The article in fact relates to two separate incidents, the first of which took place over twelve hours before the publication of the BBC’s report. The BBC described that incident as follows:

“Israel has struck Iranian military sites in Syria to prevent what it said was a pending drone strike by Iran.

Israel’s military rarely acknowledges operations in Syria, but it claimed on Saturday its strikes had prevented an attack on Israel “using killer drones”. […]

An Israeli military spokesman said the strikes on Saturday targeted Iran’s Quds force in Aqraba, south-east of the capital, Damascus.”

A part of that story which the BBC chose not to tell – even though the information was readily available – is as follows:

“The Israeli military said its strike late Saturday targeted operatives from Iran’s Islamic Revolutionary Guard Corps’ Quds Force as well as Shiite militias who had been planning on sending “kamikaze” attack drones into Israel armed with explosives. […]

[IDF Spokesman] Conricus said Israel had monitored the plot for several months and on Thursday prevented Iran from making an “advanced attempt” to execute the same plan. Then, Iran tried again late Saturday to carry out the same attack, he said. […]

“This was a significant plan with significant capabilities that had been planned for a few months,” Conricus said. “It was not something done on a low level, but rather top down from the Quds Force.”

He said the Iranian attack was believed to be “very imminent.””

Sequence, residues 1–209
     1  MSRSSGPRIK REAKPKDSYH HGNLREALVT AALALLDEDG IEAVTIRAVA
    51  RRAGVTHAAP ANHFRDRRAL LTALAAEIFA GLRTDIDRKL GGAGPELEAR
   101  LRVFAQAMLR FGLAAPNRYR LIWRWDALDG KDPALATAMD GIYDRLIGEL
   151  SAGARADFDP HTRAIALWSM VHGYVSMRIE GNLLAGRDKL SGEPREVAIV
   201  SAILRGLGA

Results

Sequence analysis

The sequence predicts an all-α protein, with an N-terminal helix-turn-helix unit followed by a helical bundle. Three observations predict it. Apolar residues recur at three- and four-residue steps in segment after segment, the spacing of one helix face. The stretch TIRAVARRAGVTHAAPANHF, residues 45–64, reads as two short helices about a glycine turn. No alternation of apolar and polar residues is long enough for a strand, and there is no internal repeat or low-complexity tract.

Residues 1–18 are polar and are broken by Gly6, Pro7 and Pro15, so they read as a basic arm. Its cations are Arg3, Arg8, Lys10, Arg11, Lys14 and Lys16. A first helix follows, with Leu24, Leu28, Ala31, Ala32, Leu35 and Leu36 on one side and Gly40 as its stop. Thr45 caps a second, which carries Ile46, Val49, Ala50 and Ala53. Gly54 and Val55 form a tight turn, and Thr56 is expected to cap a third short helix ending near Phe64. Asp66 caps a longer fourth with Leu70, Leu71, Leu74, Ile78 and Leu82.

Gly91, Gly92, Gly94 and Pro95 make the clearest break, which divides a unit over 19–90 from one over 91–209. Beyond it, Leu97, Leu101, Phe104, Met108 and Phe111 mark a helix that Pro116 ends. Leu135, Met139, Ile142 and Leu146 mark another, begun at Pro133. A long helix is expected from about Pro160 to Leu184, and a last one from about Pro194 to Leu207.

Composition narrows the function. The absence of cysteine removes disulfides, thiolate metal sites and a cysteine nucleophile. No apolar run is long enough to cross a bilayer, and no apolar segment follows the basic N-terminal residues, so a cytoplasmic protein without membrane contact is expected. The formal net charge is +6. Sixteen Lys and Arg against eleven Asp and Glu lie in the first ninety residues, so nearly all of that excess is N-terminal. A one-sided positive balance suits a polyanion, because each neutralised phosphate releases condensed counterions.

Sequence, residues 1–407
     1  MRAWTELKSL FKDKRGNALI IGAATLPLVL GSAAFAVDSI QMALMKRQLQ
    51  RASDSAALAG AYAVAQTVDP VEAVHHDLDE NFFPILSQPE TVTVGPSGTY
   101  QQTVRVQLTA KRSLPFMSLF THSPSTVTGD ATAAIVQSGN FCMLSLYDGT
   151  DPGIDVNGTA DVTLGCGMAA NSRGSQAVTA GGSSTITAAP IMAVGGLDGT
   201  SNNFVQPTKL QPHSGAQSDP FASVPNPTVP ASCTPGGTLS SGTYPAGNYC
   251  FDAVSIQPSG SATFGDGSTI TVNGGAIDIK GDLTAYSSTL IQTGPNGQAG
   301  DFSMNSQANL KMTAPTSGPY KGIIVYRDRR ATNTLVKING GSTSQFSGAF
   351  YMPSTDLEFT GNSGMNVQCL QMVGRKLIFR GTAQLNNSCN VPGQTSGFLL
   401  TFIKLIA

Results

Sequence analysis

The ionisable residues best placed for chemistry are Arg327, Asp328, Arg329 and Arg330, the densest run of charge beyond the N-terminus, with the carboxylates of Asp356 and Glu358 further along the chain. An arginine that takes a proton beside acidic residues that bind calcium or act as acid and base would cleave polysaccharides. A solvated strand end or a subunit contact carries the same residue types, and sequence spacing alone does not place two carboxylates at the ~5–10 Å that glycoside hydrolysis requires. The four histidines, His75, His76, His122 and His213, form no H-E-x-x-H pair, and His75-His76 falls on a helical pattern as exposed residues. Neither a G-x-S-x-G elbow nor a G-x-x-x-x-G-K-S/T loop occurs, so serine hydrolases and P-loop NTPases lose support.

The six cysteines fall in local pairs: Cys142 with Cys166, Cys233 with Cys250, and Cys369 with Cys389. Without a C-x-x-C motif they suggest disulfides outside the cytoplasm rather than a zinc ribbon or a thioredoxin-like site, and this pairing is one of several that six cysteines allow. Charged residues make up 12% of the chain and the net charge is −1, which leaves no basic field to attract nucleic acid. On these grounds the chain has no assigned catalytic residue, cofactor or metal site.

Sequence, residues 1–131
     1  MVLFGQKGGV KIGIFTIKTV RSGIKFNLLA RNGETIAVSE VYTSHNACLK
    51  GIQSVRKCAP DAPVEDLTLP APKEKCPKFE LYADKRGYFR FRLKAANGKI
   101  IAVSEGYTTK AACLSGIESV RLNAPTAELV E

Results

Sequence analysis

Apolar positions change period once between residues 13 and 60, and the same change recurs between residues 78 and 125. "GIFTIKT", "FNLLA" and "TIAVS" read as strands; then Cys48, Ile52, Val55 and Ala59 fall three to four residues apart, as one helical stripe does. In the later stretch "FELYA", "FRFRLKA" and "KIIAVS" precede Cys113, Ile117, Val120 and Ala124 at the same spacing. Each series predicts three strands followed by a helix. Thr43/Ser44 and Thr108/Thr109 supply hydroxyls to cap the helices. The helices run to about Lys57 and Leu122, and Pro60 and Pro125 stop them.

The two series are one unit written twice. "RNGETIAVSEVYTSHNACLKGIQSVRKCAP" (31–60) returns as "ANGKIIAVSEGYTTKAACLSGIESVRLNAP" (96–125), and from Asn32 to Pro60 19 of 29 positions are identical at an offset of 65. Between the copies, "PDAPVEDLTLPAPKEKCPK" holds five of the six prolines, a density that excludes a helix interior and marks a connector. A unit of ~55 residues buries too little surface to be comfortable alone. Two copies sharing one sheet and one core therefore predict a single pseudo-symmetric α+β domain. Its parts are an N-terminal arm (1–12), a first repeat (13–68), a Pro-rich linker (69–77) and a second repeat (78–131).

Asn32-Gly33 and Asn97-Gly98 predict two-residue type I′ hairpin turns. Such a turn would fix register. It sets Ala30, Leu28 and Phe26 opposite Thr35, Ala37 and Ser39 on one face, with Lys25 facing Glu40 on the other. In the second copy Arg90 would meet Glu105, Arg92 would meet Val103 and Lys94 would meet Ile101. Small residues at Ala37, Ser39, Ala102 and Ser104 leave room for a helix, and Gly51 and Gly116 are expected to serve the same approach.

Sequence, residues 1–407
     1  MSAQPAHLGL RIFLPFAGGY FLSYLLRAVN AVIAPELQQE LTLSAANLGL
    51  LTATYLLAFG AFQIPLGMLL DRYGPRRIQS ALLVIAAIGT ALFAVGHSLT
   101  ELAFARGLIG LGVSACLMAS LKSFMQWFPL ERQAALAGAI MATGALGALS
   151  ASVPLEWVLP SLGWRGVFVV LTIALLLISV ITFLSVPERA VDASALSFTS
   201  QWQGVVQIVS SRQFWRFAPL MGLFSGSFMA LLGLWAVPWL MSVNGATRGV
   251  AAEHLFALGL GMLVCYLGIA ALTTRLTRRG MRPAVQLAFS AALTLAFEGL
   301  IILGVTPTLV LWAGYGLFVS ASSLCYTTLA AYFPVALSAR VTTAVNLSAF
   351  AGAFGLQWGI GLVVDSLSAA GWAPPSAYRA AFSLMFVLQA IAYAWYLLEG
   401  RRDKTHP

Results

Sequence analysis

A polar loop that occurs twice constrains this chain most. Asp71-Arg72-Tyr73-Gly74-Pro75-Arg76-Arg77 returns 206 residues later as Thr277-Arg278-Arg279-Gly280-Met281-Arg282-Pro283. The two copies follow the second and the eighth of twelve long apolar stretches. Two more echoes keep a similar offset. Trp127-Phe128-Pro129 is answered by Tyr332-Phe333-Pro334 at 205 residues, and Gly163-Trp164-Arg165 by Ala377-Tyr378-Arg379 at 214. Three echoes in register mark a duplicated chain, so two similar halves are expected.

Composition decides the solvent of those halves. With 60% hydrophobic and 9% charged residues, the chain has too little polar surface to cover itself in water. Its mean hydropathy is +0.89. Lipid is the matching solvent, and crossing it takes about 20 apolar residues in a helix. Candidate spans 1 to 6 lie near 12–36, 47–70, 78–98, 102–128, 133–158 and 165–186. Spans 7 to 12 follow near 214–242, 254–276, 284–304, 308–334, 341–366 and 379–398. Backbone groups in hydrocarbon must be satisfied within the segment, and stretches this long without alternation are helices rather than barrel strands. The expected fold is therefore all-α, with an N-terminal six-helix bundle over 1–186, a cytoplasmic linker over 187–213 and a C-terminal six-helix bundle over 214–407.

Neither did the BBC bother to inform its audiences that, as reported by Ha’aretz:

“A commentator close to the Revolutionary Guards wrote [on Thursday August 22nd] in the Iranian newspaper Kayhan that Israeli actions in Iraq and Syria would be met with surprises, such as launches of UAVs at sensitive security targets, ports and nuclear sites in Israel. The plan that was foiled, according to the IDF, was identical to the action threatened beforehand by the commentator.”

The BBC did choose to amplify Syrian claims:

“A Syrian military source quoted by the official Sana news agency said that Syrian anti-aircraft defences “detected enemy targets from Golan heading towards the area around Damascus”.

“The aggression was immediately confronted and so far the majority of the enemy Israeli missiles have been destroyed before reaching their targets,” the source said.”

BBC audiences were not informed that – despite those claims – at least three Hizballah operatives were reportedly killed.  

By way of ‘context’ BBC audiences were told that: